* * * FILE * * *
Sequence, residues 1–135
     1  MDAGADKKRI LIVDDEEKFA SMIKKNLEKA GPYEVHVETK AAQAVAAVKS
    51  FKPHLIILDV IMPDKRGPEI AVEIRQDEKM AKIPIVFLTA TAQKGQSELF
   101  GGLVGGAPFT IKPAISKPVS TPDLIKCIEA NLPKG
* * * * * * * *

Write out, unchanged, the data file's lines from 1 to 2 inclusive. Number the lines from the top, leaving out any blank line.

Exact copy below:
Sequence, residues 1–135
     1  MDAGADKKRI LIVDDEEKFA SMIKKNLEKA GPYEVHVETK AAQAVAAVKS